Recent reports suggest a shift in Apple’s strategy regarding its in-house 5G chip development. While earlier indications pointed towards Apple’s efforts to reduce reliance on Qualcomm by creating custom 5G chips, the latest information suggests a change in direction. Unconfirmed reports suggest that Apple has decided to discontinue the development of its in-house 5G modems. Multiple sources have echoed similar scenarios, indicating a potential setback in Apple’s pursuit of complete self-sufficiency in component manufacturing, akin to its successful Apple Silicon venture.
Apple to Reportedly Forget about its In-House 5G Modem and Keep Relying on Qualcomm
According to a recent report on the Korean blog Naver from “yeux1122,” there are indications that Apple might be discontinuing its development of 5G modems. Citing sources familiar with Apple’s 5G modem department, the report suggests that the company’s efforts in this area have not been successful. As a result, Apple is purportedly considering the closure of this segment, reflecting a potential shift in its strategy for in-house modem development.
The decision to discontinue the development of in-house 5G modems by the Cupertino company is expected to result in substantial financial losses for the company. Having invested in this technology for several years, Apple’s exit from the segment will likely incur significant costs. Additionally, a tip from @Tech_Reve, citing information from Japanese supply chain sources, aligns with the reports of Apple abandoning its in-house 5G modem efforts. However, it’s essential to approach this information with caution, as the final confirmation rests with Apple. Earlier reports highlighted challenges faced by Apple’s in-house 5G modem development team, citing unrealistic goals and unforeseen obstacles in the process.
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Contrary to the reported discontinuation of in-house 5G modem development, Apple has made significant strides in this area. The company has made substantial investments, hiring thousands of engineers dedicated to the development of custom 5G modem chips. Apple’s acquisition of Intel’s modem business further strengthened its capabilities, retaining the acquired talent to continue work on 5G modems. Additionally, Apple strategically brought in professionals from Qualcomm to reinforce its efforts in the development of 5G modems. These moves indicate a commitment to advancing in-house capabilities rather than abandoning the initiative.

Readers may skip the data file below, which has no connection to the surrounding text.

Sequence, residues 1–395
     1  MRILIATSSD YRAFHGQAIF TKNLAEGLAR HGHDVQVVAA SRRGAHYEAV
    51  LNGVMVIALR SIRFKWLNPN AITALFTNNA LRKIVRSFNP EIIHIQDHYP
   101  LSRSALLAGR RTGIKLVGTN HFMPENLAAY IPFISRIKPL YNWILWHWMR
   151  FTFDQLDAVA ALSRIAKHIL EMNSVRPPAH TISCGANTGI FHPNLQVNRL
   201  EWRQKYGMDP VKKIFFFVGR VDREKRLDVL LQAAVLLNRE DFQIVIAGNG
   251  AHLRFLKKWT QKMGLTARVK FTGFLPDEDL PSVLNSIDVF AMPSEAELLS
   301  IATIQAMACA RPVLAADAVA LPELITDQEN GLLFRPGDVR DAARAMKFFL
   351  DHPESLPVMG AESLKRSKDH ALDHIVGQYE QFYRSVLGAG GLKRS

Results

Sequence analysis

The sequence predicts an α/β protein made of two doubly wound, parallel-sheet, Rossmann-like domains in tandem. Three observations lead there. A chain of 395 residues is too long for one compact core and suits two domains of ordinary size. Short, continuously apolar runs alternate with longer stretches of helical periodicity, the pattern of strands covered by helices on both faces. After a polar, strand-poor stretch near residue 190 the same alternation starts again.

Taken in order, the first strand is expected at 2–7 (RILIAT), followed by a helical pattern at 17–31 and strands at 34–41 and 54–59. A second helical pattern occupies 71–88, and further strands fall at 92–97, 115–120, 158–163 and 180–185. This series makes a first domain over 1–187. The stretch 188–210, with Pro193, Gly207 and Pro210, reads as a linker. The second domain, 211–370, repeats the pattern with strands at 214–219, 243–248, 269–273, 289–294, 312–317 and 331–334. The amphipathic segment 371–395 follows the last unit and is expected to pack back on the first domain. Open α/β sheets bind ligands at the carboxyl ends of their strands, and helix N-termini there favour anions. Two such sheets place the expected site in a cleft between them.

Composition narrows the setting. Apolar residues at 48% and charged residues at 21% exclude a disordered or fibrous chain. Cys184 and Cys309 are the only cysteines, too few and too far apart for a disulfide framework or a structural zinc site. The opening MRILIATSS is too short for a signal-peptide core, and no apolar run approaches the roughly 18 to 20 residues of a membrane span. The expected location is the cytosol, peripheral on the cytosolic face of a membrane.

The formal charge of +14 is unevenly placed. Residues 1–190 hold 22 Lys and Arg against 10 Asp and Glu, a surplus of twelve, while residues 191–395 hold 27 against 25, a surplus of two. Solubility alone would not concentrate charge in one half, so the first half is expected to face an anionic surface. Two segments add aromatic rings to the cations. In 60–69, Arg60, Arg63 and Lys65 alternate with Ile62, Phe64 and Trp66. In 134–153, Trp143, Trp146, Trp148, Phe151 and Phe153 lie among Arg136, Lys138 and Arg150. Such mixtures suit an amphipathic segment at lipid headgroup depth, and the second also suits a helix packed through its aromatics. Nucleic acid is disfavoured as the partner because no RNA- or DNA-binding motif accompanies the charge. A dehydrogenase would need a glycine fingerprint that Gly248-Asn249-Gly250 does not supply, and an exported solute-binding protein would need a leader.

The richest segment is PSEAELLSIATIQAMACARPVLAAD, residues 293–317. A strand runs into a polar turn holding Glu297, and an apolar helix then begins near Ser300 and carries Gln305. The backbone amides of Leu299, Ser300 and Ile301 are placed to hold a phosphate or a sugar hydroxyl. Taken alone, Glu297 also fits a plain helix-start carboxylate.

Apple is Facing Challenges in 5G Modem Development
Bloomberg’s Mark Gurman, a reputable industry analyst, recently shared insights into Apple’s endeavors to develop custom 5G modem chips for upcoming products. Gurman suggested that the company is facing challenges in this development, leading to a potential delay in launching the 5G modems until 2026. Notably, Gurman did not indicate any intention on Apple’s part to discontinue these chips entirely. Earlier reports had suggested that Apple planned to introduce the custom 5G modem in a future version of the iPhone SE. This decision might imply that the iPhone maker will continue relying on Qualcomm for 5G modems in its future devices.
Apple’s 5G modem development was reportedly in its early stages and rumored to lag behind Qualcomm’s technology by several years. This potential technological gap could be a contributing factor to Apple’s decision to discontinue its work on this project. Initially, there were expectations for Apple to launch a standalone chip before integrating the technology into a System-on-Chip (SoC). These details are speculative and based on information from sources familiar with the matter, so it’s advised to approach this news with caution. Further updates will be provided as more information becomes available regarding Apple’s decision on discontinuing its 5G modem development efforts.
In summary, recent reports suggest a shift in Apple’s strategy regarding its in-house 5G chip development, potentially abandoning the endeavor. Unconfirmed sources indicate challenges and a possible delay in the launch until 2026. This potential setback contrasts with Apple’s earlier ambitions to reduce reliance on Qualcomm. The decision, if confirmed, marks a significant change in Apple’s pursuit of self-sufficiency in component manufacturing.